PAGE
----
The roar of hooves and the crackle of silks on a racetrack can seem like a magical ritual, but for many horses, it’s anything but. The racing industry claims that horses “love to compete,” but it’s a mischaracterization that overlooks the cruelty of the sport and its effect on the health and wellbeing of the animals involved. In a natural setting, horses understand self-preservation, which means that they stop running and rest if they’re injured. In a race, they’re pushed past their limits, often with humans perched on their backs and urging them forward with a whip. As a result, many horses will bleed from their lungs, a condition known as exercise-induced pulmonary hemorrhage.

A horse race is a contest of speed between horses that are either ridden by jockeys or pulled by drivers in sulkies. The fastest horse wins the race and receives a prize, which may range from hundreds of dollars to millions of dollars for the winners of the most prestigious races. In the United States, the most popular racing event is the Kentucky Derby, which pays out $10 million in winnings to the top three finishers. The most famous races in other countries include the Prix de l’Arc de Triomphe and Dubai World Cup in the UAE, Caulfield and Sydney Cups in Australia, King George VI and Queen Elizabeth Stakes in England, and Durban July in South Africa.

While the sport of horse racing once enjoyed broad popularity, it’s been losing fans and revenues for years. The industry acknowledges that it needs to improve. Its revenue, number of races, and entries are all down, while the number of horses in training is growing. The Jockey Club, the industry’s trade association, blames declining interest in betting on rising competition from online gambling and a perception that the sport has lost its appeal.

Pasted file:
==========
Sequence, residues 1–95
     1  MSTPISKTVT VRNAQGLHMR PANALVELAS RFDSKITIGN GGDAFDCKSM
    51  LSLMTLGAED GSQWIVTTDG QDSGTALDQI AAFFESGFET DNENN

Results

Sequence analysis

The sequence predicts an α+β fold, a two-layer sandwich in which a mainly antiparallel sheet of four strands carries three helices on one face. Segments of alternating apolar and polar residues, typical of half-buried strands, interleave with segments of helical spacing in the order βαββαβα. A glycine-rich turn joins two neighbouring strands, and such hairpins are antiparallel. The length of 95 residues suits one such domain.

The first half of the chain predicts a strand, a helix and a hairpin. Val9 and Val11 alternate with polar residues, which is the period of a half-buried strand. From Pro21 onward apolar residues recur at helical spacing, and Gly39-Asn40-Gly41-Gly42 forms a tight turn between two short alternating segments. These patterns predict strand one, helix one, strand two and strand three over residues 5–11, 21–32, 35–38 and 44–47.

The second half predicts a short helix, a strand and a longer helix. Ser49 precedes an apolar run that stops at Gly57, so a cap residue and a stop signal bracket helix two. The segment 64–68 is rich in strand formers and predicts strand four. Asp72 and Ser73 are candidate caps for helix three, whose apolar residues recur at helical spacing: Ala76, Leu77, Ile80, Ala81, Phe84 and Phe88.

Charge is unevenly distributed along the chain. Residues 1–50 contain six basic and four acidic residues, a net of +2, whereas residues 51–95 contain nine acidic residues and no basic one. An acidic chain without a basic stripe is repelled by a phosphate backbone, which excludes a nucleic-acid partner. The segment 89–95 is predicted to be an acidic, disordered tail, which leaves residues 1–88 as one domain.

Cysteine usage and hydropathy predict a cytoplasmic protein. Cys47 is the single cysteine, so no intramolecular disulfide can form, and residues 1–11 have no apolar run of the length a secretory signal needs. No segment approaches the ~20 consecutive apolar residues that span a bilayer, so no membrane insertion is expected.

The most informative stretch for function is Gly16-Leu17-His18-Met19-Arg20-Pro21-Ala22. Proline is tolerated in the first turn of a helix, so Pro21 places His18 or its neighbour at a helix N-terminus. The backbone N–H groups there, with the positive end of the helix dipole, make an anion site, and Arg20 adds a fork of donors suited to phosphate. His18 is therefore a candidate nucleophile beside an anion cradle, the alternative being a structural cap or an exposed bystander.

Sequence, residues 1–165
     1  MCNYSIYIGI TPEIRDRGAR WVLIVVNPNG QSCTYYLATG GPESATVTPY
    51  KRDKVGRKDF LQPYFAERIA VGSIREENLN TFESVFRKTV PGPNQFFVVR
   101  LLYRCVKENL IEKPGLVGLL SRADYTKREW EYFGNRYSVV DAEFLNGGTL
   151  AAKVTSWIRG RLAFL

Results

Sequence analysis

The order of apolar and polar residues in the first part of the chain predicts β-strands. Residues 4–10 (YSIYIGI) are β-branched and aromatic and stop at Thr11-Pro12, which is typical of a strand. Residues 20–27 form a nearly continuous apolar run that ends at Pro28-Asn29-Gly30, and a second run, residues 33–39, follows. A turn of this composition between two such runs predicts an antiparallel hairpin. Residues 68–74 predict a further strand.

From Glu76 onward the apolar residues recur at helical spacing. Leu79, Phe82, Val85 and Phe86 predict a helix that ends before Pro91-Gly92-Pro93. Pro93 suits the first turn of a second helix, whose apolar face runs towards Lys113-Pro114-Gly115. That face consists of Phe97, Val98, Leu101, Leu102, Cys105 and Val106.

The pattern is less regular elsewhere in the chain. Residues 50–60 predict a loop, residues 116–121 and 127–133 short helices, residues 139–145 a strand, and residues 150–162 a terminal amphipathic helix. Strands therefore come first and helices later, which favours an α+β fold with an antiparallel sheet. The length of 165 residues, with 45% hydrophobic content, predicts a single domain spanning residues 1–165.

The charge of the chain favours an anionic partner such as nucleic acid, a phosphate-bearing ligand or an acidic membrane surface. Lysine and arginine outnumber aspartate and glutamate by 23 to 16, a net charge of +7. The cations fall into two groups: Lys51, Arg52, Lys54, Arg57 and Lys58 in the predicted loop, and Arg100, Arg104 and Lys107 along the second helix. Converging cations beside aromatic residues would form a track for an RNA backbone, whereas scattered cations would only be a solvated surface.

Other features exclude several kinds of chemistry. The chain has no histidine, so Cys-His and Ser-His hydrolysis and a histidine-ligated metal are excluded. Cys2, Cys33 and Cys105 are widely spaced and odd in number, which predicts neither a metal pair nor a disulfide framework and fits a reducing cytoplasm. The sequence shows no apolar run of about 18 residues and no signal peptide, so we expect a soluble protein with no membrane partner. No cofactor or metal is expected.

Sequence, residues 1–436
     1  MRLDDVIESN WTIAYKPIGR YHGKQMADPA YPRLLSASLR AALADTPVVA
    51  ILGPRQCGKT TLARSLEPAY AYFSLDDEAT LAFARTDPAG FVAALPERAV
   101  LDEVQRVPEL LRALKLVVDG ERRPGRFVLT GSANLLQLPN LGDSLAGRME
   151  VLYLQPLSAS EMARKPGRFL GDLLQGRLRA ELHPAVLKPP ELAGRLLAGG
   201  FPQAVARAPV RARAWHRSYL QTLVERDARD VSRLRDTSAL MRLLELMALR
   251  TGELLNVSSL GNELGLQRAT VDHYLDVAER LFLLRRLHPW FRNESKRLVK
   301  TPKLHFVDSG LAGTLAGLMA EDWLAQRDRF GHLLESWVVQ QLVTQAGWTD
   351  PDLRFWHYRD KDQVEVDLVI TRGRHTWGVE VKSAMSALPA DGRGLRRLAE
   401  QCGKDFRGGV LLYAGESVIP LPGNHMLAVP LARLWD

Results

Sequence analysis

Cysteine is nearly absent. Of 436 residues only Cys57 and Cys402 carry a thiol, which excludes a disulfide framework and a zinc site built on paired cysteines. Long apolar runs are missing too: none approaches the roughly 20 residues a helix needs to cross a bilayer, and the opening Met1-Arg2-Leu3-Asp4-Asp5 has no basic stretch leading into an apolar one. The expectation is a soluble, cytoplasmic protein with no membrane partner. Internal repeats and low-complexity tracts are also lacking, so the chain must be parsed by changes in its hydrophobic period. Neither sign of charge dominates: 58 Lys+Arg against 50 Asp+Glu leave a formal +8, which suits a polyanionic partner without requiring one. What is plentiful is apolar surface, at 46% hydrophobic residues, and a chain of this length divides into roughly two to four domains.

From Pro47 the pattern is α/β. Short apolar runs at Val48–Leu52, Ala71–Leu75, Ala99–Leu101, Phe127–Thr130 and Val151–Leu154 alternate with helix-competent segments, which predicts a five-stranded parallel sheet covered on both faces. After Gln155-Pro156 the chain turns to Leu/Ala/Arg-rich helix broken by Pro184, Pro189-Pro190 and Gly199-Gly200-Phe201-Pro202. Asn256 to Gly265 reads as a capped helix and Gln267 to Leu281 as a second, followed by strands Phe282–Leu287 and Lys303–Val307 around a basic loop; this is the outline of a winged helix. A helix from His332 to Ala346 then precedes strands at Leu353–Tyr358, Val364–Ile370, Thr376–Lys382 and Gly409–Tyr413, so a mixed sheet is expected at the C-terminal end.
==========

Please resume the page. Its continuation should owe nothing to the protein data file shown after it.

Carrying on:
To improve its image, the industry is making changes. It’s expanding its drug testing and putting more emphasis on animal welfare. But animal advocates say these improvements are not enough. They want to see an end to abusive training practices, excessive use of drugs and other performance-enhancing substances, and the forced transport of American horses to slaughter.

PETA’s investigation of training and racing at Churchill Downs and Saratoga Race Course, where the video that prompted this article was shot, offers some insight into what critics have long called the dark side of horse racing. The footage shows horses being whipped to drive them into close-quarters racing. It also reveals that the trainers, Scott Blasi and Steve Asmussen, are both accused of using illegal performance-enhancing drugs.

Several studies have shown that when journalists focus on political horse races instead of policy issues, voters, candidates and the news media suffer. These studies have been augmented by recent research on probabilistic forecasting, which allows reporters to more accurately predict how a race will turn out.

The Horse Race Is Not a Magical Ritual